For large samples, $U$ is approximately normally distributed with mean $\mu_U$ and standard deviation $\sigma_U$ if the null hypothesis were true. Here $$ \begin{aligned} \mu_U &= \dfrac{n_1 n_2}{2}\\ \sigma_U &= \sqrt{\dfrac{n_1 n_2(n_1 + n_2 + 1)}{12}} \end{aligned} $$ Hence, for large samples, the standardized test statistic $$ z_U = \dfrac{U - \mu_U}{\sigma_U}\\ $$ follows approximately the standard normal distribution if the null hypothesis were true.

For small samples, the exact distribution of $W$ or $U$ should be used.

Note: if ties are present in the data, the formula for the standard deviations $\sigma_W$ and $\sigma_U$ is more complicated.
Sampling distribution of $X^2$, as computed in the model chi-squared test for the complete model:
  • chi-squared distribution with $K$ (number of independent variables) degrees of freedom
Sampling distribution of the Wald statistic:
  • If defined as Wald $ = \dfrac{b_k^2}{SE^2_{b_k}}$: approximately the chi-squared distribution with 1 degree of freedom
  • If defined as Wald $ = \dfrac{b_k}{SE_{b_k}}$: approximately the standard normal distribution
Sampling distribution of $X^2$, as computed in the likelihood ratio chi-squared test for individual $\beta_k$:
  • chi-squared distribution with 1 degree of freedom
Significant?Significant?Significant?
If the number of blocks is large, the table with critical $X^2$ values can be used. If we denote $X^2 = Q$:
  • Check if $X^2$ observed in sample is equal to or larger than critical value $X^{2*}$ or
  • Find $p$ value corresponding to observed $X^2$ and check if it is equal to or smaller than $\alpha$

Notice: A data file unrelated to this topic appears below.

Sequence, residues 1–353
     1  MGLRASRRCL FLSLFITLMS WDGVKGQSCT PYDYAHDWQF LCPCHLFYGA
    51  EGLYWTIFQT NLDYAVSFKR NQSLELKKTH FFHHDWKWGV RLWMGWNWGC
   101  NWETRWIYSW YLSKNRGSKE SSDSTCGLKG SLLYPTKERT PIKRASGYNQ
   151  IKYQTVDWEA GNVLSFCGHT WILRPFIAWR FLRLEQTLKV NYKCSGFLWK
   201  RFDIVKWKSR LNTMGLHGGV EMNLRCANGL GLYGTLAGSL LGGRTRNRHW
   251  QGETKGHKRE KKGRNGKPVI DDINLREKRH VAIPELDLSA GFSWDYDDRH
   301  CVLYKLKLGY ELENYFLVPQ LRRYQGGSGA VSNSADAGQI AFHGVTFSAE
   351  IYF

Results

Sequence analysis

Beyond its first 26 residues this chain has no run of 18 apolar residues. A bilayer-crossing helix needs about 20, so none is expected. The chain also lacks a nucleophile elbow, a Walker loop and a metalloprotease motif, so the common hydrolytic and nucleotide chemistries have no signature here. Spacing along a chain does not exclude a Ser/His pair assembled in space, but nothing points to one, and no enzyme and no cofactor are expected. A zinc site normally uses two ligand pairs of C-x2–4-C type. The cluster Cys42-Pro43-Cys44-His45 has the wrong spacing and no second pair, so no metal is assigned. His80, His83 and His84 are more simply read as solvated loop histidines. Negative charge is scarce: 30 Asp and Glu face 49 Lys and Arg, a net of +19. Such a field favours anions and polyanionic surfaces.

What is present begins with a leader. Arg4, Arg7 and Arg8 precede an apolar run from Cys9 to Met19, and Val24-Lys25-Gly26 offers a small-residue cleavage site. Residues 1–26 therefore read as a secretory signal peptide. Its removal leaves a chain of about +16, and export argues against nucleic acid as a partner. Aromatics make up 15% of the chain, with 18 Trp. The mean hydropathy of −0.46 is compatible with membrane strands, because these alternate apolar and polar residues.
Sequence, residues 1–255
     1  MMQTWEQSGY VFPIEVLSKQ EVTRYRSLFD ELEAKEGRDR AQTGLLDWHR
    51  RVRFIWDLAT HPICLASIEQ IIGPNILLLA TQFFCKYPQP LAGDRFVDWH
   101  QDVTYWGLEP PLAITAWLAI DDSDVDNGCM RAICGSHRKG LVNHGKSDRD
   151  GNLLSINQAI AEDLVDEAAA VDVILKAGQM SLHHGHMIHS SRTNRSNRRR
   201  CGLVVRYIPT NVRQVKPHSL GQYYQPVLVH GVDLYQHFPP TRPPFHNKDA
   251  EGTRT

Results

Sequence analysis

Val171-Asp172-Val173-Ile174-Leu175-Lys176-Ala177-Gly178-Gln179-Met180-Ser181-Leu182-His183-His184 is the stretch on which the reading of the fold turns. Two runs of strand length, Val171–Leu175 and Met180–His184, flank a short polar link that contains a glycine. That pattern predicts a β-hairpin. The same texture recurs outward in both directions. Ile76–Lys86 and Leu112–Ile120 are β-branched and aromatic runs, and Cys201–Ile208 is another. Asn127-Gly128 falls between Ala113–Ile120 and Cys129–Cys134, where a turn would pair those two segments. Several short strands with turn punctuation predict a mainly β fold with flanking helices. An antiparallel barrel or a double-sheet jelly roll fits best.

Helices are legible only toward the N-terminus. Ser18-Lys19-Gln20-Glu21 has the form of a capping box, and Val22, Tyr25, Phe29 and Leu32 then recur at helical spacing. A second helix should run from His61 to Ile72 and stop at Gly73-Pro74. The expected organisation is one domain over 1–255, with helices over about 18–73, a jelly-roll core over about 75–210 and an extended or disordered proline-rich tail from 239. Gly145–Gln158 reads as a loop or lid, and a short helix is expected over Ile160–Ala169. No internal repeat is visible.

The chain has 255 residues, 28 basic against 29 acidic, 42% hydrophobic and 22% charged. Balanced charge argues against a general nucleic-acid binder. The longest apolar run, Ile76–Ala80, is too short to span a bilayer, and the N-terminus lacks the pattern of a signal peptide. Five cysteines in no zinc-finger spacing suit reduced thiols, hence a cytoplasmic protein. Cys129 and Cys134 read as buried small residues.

For large samples, the table for standard normal probabilities can be used:
Two sided: Right sided: Left sided:
For the model chi-squared test for the complete regression model and likelihood ratio chi-squared test for individual $\beta_k$:
  • Check if $X^2$ observed in sample is equal to or larger than critical value $X^{2*}$ or
  • Find $p$ value corresponding to observed $X^2$ and check if it is equal to or smaller than $\alpha$
For the Wald test:
  • If defined as Wald $ = \dfrac{b_k^2}{SE^2_{b_k}}$: same procedure as for the chi-squared tests. Wald can be interpret as $X^2$
  • If defined as Wald $ = \dfrac{b_k}{SE_{b_k}}$: same procedure as for any $z$ test. Wald can be interpreted as $z$.
n.a.n.a.Wald-type approximate $C\%$ confidence interval for $\beta_k$
--$b_k \pm z^* \times SE_{b_k}$
where the critical value $z^*$ is the value under the normal curve with the area $C / 100$ between $-z^*$ and $z^*$ (e.g. $z^*$ = 1.96 for a 95% confidence interval).
n.a.n.a.Goodness of fit measure $R^2_L$
--$R^2_L = \dfrac{D_{null} - D_K}{D_{null}}$
There are several other goodness of fit measures in logistic regression. In logistic regression, there is no single agreed upon measure of goodness of fit.